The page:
However, I'm so in awe of the teachers I'm meeting up with online that are so caring about their profession and so passionate about learning! This week I found myself challenged by my friend Gary Stager to speak up on Twitter about my beliefs about students and learning, certainly something I'm not encouraged to do in my day-to-day. In fact, in public education we are so rarely asked to develop a personal philosophy of education that it dawned on me that this should be considered quite worrisome! Whole generations of teachers may spend a good chunk of their lifetime becoming 'expert' teachers (at least in terms of years served) and never think very deeply about what it is they are doing that could change the life of a child. This has not been my experience, as what appeals to me most about teaching is my own learning about learning...I'm thankful to have an online community in which to engage in such rich discourse and thankful that after 21 years, I'm still constantly challenged to become a better teacher; there is always more to learn!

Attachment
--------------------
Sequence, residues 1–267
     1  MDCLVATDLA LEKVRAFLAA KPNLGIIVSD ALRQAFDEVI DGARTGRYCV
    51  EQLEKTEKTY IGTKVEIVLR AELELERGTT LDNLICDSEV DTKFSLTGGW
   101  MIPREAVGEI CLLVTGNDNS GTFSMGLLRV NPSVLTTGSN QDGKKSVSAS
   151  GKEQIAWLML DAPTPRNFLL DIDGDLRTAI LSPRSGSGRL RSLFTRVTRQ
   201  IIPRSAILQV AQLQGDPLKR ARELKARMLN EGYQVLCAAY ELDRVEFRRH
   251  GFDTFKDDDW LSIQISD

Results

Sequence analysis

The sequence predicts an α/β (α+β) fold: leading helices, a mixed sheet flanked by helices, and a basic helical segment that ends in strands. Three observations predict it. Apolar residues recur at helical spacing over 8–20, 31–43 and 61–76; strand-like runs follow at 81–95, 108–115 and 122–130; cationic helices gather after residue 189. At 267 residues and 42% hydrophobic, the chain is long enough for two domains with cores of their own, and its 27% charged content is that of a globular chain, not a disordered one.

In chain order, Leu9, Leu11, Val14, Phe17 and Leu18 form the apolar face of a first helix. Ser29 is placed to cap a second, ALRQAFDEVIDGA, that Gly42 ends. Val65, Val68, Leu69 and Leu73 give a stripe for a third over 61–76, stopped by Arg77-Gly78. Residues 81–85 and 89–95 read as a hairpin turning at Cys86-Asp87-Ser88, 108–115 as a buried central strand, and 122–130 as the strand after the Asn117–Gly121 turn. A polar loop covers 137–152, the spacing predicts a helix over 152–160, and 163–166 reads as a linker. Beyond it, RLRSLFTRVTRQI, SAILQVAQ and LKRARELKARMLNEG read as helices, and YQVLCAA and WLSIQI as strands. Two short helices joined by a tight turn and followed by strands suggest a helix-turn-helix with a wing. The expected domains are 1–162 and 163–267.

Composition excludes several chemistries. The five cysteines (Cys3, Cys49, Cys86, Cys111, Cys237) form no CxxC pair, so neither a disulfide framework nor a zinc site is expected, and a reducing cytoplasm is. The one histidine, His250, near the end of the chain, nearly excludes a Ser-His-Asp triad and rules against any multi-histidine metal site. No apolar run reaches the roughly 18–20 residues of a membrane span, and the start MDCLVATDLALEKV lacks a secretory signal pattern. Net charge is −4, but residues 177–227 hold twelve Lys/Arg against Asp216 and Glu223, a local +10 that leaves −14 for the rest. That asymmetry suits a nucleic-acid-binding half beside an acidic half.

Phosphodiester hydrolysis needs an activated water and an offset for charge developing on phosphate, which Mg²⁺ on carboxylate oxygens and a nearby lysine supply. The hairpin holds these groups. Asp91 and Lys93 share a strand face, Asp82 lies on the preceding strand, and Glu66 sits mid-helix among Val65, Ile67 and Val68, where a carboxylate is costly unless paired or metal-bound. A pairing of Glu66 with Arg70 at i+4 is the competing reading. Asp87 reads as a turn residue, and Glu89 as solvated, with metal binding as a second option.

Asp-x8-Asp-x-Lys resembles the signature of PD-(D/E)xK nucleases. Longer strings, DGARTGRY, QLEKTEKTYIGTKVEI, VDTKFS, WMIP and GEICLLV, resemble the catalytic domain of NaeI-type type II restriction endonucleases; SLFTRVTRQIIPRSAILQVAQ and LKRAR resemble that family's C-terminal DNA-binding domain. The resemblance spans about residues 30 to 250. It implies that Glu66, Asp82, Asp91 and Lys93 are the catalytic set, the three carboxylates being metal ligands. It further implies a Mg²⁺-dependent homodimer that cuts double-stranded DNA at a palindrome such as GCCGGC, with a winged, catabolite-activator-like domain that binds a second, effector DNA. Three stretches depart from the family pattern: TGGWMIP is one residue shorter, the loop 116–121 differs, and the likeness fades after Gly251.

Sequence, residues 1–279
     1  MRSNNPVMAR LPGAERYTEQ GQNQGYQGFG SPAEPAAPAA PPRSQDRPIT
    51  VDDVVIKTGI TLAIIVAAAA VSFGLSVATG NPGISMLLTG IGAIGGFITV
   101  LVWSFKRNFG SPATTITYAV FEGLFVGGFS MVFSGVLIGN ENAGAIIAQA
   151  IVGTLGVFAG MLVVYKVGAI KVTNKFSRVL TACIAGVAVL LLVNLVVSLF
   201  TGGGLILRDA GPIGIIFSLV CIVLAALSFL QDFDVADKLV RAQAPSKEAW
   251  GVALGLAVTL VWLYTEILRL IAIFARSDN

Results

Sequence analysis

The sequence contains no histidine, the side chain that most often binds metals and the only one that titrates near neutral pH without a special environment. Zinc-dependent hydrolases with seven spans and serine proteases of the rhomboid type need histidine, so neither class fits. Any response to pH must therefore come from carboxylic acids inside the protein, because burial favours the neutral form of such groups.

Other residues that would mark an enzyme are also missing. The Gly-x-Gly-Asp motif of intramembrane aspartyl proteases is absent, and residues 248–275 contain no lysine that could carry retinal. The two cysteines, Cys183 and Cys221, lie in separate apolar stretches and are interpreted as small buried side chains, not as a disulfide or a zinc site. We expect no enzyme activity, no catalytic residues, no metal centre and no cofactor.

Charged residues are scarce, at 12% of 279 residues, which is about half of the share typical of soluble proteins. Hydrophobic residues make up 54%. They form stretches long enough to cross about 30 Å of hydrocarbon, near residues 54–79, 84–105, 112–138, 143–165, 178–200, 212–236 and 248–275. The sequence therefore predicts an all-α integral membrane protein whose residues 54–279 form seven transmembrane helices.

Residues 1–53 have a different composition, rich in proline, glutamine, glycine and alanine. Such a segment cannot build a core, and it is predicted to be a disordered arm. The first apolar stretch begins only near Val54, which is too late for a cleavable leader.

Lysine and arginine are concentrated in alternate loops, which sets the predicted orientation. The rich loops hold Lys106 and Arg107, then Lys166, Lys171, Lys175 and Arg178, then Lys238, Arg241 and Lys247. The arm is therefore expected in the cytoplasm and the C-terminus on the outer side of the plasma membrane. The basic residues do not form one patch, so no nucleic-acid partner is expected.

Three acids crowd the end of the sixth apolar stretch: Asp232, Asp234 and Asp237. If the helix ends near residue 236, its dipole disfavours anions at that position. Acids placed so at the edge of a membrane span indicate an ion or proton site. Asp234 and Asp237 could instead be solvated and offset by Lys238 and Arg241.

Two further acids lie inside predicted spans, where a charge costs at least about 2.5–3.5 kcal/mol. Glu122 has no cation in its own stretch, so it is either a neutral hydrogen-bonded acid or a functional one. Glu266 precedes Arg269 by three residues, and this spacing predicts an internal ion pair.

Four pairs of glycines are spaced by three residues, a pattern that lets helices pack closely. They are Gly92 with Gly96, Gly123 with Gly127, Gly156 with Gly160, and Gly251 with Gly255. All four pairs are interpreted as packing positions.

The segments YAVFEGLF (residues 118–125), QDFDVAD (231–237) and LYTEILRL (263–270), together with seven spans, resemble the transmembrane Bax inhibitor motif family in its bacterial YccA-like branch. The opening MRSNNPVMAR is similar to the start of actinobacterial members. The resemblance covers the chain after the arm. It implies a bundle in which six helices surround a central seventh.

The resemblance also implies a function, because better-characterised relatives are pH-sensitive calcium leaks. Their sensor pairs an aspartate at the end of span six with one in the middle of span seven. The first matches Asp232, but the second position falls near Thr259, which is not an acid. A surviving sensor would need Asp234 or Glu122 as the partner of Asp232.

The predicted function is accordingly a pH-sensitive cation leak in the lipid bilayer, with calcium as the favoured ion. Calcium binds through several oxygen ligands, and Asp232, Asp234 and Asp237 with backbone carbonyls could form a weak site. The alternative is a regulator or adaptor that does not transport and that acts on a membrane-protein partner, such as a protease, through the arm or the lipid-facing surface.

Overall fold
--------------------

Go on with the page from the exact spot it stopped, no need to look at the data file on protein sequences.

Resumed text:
Good examples of learning-centred approaches are all around us, and I'm so grateful to my colleagues for sharing their work. When Mike Anderson organized our Skills Canada event at UGDSB this week, I was so impressed with the collaborative, authentic challenges that were presented to the students to promote problem-solving. Lego Robotics, Toon Boom animations, Lego Mechanics, Video Production with Apple Canada, student created Health and Safety presentations, building wind turbines and designing and building replicas of houses were the focus of this event, with a focus on a constructive rather than instructive approach.

This week I've been checking out Ben Hazzard, who creates a collaborative space for teachers, Alec Couros, a prof from Regina that I've met on Twitter who was u-streaming a conference presentation from Calgary this week, and veteran teachers like Peter Skillen taking on new projects like Adobe Youth voices. Also, Nathan Toft and Jane Smith and their, Kent Manning sharing his love of digital storytelling and Doug Peterson's regular updates on his blog.